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The raw arrogance of power

ABOUT 49 years ago United States Senate Foreign Relations Committee former chair, James William Fulbright — after whom the prestigious Fulbright exchange programme was named in his honour — delivered a speech at Johns Hopkins University on “the arrogance of power”.

Editor’s Memo by Dumisani Muleya

His book, The Arrogance of Power, dealt with the justification of the Vietnam War, congress’s failure to set limits on it, and the impulses which gave rise to it. Fulbright’s scathing critique undermined elite consensus that US military intervention in the Indochina region was necessitated by Cold War geopolitics.

It was a compelling argument which still resonates up to this day.

I was reminded of Fulbright’s observations because of what President Robert Mugabe’s spokesman George Charamba and others in positions of power have been saying on the disappearance of journalist-cum-activist Itai Dzamara and to some extent on the Tokwe-Mukorsi flood victims in Masvingo.

Although Fulbright — a staunch multilateralist who supported the United Nations creation, yet also a segregationist — and Charamba’s remarks were made in completely different eras and contexts, the former’s observations and warnings on the arrogance of power appear profoundly relevant on the Dzamara case.

Usually, I find Charamba nuanced, cool-headed and calm, but his remarks on Dzamara and partly on flood victims not only displayed the arrogance of power, but also bordered on insensitivity. I’m sure on reflection he might well agree on this.

Check this: “It is clear to government that there is a vain hope to use the missing person for political parties to regain political foothold and mileage and in the case of foreign interests to put Zimbabwe back in the dock,” Charamba told the state-controlled media this week. “It leaves government wondering whether or not the whole incident is not a politically calculated contrivance …”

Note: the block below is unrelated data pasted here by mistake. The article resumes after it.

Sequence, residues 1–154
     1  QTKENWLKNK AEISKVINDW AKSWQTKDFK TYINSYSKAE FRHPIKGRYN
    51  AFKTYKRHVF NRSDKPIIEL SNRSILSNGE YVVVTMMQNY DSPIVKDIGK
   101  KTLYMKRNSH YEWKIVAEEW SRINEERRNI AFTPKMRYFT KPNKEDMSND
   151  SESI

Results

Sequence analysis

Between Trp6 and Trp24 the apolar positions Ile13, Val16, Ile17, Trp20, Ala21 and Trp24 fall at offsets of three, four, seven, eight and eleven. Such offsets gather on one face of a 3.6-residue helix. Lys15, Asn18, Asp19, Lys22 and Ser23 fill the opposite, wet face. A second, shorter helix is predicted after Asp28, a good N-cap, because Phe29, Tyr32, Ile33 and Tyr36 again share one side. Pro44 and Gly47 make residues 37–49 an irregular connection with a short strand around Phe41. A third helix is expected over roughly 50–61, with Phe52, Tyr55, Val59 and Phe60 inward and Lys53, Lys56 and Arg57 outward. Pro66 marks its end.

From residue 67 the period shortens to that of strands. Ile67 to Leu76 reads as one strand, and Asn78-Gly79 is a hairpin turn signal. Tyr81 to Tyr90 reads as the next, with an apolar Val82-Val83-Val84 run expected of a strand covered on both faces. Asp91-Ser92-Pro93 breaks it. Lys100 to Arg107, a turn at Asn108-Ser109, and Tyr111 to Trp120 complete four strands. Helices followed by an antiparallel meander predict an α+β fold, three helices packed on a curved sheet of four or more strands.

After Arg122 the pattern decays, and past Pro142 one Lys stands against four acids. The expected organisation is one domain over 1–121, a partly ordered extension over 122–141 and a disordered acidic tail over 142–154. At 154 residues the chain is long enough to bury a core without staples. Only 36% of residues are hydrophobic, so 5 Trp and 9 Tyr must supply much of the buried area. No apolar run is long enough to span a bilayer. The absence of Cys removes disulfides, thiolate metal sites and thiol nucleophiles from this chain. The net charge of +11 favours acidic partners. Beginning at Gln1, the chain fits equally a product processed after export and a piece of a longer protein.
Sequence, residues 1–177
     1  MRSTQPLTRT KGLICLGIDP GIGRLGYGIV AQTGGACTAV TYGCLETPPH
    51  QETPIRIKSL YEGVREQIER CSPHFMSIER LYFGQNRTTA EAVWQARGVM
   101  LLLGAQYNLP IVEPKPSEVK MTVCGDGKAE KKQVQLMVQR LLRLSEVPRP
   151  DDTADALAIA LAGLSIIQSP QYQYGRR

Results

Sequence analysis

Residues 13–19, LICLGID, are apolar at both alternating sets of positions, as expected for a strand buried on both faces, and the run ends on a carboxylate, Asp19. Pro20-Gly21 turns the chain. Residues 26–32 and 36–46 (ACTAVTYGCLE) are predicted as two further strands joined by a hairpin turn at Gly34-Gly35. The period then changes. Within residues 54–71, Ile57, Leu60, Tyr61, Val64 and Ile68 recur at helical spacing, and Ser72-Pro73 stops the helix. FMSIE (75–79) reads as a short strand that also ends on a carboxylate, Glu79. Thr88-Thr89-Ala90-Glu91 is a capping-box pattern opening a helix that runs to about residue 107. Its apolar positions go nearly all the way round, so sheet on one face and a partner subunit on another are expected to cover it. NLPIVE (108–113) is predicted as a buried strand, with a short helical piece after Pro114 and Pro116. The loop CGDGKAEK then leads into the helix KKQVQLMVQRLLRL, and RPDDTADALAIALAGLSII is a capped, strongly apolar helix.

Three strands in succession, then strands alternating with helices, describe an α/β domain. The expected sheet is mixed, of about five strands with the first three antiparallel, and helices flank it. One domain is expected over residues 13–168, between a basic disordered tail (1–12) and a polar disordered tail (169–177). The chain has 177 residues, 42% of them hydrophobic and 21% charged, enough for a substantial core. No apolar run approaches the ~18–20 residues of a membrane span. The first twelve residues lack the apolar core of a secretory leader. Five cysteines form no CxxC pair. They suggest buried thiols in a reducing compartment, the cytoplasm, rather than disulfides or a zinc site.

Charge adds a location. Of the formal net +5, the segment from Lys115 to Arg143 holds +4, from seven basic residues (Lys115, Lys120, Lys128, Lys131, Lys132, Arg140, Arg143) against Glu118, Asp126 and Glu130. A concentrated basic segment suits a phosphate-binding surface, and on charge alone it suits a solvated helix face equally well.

He added: “People go missing here and elsewhere in the world. I dismiss calls for the President to pronounce himself on the matter as pre-eminently political and thus not worthy of his attention. In our case, some skip the borders to go to foreign lands, others get caught up in mishaps and still others might just change location and withdraw from contacts …”

On the flood victims, Charamba said: “The victims of the Tokwe- Mukorsi floods, like in the past, have been confrontational to government, made unreasonable demands and allowed politicisation of their situation. They should be careful that they will end up being another political football.”

This was after the villagers last week wrote a petition to Mugabe requesting him to visit them so that he could see the deplorable conditions at their new settlement. Although Charamba noted Mugabe was concerned about their plight, it is difficult to believe that as his boss has been gallivanting all over world since January but failed to visit fellow citizens, villagers at that, reeling from floods in Masvingo since last year.

On the Dzamara affair, what is rather sad is that there are some in our midst who seem to think his abduction and disappearance is part of a contrived political agenda. Hence the tragic incident has now been reduced to a political conspiracy. That is why authorities and law enforcements agents appear unmoved and sometimes defensive. Instead of performing their constitutional duties to protect citizens, they hide behind politics and even casually justify dereliction of duty, saying people disappear everywhere; quite an absurd argument.

We all know here why people fear the state was behind Dzamara’s abduction. Zimbabwe has a history of forced disappearances like Argentina’s during the dirty war under dictatorships.

There is no need for authorities to be self-justifying and edgy if they are innocent; they must just do their jobs — help out the flood victims and find Dzamara, not display the arrogance of power.

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